He also had a considerable influence on other writers through the vast correspondence which he kept up throughout his whole life with lasting, notable authors such as R.E. Howard, Fritz Leiber, Derleth, Clarke Ashton Smith, and numerous others, not only introducing them to the many ideas and authors Lovecraft had collected, but opening himself up to the thoughts and experiences of all those young, up-and-coming authors.
Then there is the lasting effect of the 'Mythos' (sometimes called the 'Cthulhu Mythos'), that interconnected set of ideas and approaches that became a sort of 'shared world' for other authors to explore--whit are still being explored in an unabated string of short-story collections published every year despite the fact that all the stories in them tend to be terrible. But the Mythos was not quite Lovecraft's original invention, it was instead an attempt to take the worlds of the previous great Horror authors and combine them into one grand setting.
Probably the most unique aspect of Lovecraft's work was his combination of the chilling, aloof alienness of Dunsany's elves with the otherworldly, interdimensional terrors explored by Hodgson to produce that characteristic 'Cosmic Horror' which, while not invented by Lovecraft, was brought to a higher lustre in his works.
Though the Lovecraft stories that I find most interesting are not his 'Poe pieces', his straight Horror works--which should not be surprising, since I'm not especially fond of Poe--but his Dunsany-inspired Fantasies, such as The Silver Key and several other entries in his Dream Cycle, which tend to be rather less formulaic recreations of the styles and forms of earlier authors, than explorations of the mind, and of possibility. Beyond that, Lovecraft's very deliberate, thoughtful style seems to work better in a world of waking dreams than one of world-hopping adventure and monster attacks.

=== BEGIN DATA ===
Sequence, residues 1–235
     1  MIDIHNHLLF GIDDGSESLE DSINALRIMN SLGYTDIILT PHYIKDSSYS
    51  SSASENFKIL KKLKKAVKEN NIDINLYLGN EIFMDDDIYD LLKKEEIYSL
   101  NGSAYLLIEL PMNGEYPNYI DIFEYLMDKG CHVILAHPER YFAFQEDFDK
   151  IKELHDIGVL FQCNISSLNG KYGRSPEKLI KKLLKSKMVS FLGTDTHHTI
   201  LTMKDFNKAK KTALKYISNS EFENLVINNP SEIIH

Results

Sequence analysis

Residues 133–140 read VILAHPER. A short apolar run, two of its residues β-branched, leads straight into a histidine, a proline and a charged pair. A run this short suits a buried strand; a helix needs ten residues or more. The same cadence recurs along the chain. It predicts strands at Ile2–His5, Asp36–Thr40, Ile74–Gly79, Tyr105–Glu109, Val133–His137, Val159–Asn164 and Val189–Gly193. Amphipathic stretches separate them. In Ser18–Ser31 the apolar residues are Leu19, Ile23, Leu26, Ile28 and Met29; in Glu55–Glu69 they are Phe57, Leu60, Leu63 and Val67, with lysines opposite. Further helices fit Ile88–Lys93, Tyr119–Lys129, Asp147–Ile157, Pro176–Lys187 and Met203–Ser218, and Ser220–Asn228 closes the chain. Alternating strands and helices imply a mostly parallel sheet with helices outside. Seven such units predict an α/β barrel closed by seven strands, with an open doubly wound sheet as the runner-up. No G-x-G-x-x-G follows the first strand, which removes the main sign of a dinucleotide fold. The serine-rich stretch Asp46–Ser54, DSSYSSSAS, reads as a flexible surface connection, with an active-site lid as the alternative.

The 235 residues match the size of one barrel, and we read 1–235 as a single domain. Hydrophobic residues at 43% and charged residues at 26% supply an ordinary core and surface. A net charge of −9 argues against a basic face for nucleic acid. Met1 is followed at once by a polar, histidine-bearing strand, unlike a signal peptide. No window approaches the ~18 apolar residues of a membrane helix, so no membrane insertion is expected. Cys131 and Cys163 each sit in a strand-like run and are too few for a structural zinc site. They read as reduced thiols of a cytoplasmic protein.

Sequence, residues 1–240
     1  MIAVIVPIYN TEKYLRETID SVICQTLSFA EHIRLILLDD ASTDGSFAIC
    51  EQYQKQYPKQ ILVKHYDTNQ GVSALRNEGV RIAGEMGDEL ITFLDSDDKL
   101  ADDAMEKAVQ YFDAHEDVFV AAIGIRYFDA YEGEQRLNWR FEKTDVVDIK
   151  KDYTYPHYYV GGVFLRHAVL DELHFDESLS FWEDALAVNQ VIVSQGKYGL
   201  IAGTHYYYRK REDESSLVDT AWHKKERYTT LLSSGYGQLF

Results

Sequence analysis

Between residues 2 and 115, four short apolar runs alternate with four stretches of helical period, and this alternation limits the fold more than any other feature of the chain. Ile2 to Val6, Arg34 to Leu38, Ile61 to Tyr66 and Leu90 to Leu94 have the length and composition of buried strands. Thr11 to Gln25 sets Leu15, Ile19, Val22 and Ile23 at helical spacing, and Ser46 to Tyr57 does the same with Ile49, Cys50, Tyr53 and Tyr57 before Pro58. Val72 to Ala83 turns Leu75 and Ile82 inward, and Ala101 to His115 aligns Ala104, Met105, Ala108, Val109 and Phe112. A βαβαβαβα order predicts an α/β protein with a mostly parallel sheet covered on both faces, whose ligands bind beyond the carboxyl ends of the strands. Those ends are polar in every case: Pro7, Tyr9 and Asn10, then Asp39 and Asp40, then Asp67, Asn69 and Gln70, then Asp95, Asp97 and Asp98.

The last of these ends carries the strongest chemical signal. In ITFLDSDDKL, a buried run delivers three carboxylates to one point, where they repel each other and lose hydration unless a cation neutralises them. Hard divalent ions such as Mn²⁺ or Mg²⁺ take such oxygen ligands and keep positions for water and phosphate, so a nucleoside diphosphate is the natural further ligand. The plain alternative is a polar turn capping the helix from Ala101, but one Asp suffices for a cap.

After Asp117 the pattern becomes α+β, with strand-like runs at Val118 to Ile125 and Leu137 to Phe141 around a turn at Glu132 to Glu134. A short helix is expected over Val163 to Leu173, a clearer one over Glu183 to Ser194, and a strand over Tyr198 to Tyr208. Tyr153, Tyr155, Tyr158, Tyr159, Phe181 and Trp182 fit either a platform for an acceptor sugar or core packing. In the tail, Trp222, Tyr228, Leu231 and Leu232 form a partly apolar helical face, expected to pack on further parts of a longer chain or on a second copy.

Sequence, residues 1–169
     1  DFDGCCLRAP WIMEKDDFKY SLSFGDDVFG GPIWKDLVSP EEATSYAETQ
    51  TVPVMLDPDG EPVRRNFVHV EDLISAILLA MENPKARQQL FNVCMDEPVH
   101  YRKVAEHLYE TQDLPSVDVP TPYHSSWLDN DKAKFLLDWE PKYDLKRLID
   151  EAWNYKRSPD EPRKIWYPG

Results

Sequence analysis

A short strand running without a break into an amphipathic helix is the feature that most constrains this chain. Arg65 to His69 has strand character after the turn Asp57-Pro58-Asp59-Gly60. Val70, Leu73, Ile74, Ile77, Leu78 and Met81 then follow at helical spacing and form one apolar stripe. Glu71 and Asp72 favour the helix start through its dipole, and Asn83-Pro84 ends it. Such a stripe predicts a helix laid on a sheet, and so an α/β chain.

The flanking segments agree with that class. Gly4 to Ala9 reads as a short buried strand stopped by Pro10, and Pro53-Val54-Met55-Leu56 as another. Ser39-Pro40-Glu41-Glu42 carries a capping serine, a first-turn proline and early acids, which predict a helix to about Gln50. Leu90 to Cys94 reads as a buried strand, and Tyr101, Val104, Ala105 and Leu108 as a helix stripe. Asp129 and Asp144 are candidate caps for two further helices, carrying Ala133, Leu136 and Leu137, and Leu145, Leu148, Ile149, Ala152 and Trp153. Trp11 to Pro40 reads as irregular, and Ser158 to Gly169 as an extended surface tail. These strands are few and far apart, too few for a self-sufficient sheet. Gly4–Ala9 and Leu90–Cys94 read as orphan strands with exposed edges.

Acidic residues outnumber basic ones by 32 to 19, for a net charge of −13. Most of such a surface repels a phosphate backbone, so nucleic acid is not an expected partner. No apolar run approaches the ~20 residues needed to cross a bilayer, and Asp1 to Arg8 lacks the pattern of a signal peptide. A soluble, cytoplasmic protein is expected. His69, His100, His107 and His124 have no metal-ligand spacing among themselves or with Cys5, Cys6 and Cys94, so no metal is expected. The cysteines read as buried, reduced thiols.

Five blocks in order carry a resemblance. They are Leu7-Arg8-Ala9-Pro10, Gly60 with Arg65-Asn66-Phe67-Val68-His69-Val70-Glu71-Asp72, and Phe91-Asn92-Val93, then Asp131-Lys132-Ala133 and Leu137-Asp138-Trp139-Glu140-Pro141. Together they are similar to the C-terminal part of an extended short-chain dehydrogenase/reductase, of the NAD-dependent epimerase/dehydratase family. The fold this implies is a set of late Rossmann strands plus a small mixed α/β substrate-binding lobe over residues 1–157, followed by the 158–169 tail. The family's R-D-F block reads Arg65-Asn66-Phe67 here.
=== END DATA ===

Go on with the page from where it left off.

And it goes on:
However, in the end, I would suggest that the most lasting effect of Lovecraft's work was born in his intense dislike of seafood, which gave his monsters and beasties their shapes, and proved a much more effective choice than Hodgson's odd distaste for pig. Indeed, Lovecraft's disgust must surely rank among the most influential gustatory preferences in the history of literature....more
I was savaged by a miniature poodle the other day--wait--no, someone protested my review of The Giver the other day. If you have any pent-up rage fromI was savaged by a miniature poodle the other day--wait--no, someone protested my review of The Giver the other day. If you have any pent-up rage from that college lit teacher who forced you to think about books, be sure to stop by and spew some incoherent vitriol--my reviews are now a socially acceptable site of catharsis for the insecure.
In any case, one of them made the argument that children need new versions of great books that are stupider, because children are just stupid versions of normal people. Happily-enough, The Giver is a totally stupid version of A Clockwork Orange or whatever Dystopian book (actually, it's a rewrite of Ayn Rand's Anthem).
Coincidentally, in my review of Alice In Wonderland, I happen to put forth my own philosophy regarding children's books. In short: they should present a complex, strange, many-faceted, and never dumbed-down world, because presenting a simple, one-sided, dumbed-down world both insults and stultifies a child's mind.